The Chinatown building where a seven-alarm blaze started has a history of violations, including several for a broken boiler, records show.
It took more four hours and 250 firefighters to battle the fire, which broke out just after 10 p.m. Sunday at 283 Grand St., a six-story building with 16 apartments. Three civilians and 30 firefighters suffered minor injuries, and more than 200 people were left homeless.
The flames quickly spread to several neighboring buildings and around the block to Eldridge St.
"There was a lot of smoke and then they [firefighters] told us to come out of the window onto the ladder," said Anna Li, who lives on the top floor of 283 Grand. "It was scary. My legs were shaking."
The FDNY was still putting out pockets of flame on the block on Monday morning.
Dinine Signorelle-Wong, 50, escaped with her sister-in-law, two young children - and her 21-year-old cat, Pepper.
"I lost everything else: my children's photo albums, my wedding pictures, my grandma's jewelry and my grandfather's Purple Heart. It's devastating," said Signorelle-Wong, who lives at 91 Eldridge St.
The owner of 283 Grand St. is listed as Fair Only Real Estate Corp., based in Flushing, Queens. The company was slapped with at least nine violations in the past two years, including several for a broken boiler and at least five for obstructed passageways.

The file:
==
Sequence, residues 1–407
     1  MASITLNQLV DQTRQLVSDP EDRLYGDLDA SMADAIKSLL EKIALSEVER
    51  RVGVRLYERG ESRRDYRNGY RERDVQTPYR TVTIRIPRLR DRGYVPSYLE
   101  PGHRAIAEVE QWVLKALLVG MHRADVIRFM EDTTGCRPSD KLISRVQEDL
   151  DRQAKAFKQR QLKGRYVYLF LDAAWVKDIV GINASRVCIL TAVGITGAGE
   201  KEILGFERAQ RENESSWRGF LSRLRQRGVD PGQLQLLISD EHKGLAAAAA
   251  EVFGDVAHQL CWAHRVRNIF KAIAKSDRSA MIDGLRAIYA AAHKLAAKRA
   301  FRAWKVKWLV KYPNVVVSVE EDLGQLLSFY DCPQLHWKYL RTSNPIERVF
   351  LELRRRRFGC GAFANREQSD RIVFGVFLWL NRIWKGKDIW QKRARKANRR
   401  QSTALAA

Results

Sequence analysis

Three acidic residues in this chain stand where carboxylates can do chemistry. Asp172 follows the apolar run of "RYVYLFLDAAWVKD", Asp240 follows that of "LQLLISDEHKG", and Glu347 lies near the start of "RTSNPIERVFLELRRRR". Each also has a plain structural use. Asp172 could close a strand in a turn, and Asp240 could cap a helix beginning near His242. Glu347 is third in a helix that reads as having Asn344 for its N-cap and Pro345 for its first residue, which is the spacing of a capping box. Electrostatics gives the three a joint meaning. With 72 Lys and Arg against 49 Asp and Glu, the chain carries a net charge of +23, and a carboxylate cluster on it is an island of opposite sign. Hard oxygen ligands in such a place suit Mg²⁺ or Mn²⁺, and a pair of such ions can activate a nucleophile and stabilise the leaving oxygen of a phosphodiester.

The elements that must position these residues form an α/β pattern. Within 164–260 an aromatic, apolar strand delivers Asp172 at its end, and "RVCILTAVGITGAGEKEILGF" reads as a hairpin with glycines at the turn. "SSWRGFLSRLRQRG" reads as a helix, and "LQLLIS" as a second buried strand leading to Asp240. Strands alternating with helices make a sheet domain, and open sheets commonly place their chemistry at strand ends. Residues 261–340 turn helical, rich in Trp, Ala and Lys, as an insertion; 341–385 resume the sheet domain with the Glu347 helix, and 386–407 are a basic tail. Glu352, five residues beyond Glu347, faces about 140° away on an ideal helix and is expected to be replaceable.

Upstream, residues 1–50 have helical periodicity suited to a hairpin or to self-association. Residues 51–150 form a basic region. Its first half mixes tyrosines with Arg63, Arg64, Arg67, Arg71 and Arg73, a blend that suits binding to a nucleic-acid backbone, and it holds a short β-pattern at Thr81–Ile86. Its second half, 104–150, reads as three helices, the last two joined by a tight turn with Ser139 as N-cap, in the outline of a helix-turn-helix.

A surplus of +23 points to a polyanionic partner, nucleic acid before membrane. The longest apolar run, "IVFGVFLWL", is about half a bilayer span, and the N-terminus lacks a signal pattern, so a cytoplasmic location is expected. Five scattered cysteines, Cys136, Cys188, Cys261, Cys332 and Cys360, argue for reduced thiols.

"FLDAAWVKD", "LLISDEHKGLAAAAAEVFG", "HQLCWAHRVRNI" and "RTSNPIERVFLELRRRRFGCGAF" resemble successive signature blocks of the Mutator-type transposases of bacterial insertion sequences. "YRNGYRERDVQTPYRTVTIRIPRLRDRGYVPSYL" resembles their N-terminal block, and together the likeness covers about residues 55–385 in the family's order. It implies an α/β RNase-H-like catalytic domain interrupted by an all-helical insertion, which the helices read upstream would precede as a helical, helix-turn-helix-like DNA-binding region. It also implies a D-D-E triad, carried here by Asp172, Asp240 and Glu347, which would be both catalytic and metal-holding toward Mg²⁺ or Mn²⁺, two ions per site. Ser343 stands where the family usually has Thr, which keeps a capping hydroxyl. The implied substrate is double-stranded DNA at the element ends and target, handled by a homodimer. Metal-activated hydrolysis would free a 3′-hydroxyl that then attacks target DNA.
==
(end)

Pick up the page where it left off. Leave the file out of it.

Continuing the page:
Fair Only has a small office on Grand St., between Eldridge and Allen Sts., above a textile store. A woman there who would not give her name confirmed she worked for the owner of 283 and 285 Grand but would not identify him. She said he had owned the buildings for at least 40 years. She declined to answer questions.
Fire officials said the blaze reached a rare seven alarms after it spread to neighboring buildings.
"Because the buildings are old - the two buildings here are 110 years old - there's an awful lot of voids and shafts in these buildings and the fire just travels all through the place," FDNY Chief of Department Edward Kilduff explained. "It made it a catch-up operation."
The Red Cross was on the scene to offer residents temporary shelter, but Signorelle-Wong worried that it was going to be tough for many tenants to recover.
"Most of the people that live here are immigrants with no resources at all. They literally only have the clothes on their backs," she said. "I hope anyone who could help with all this will."
The cause of the fire is still under investigation.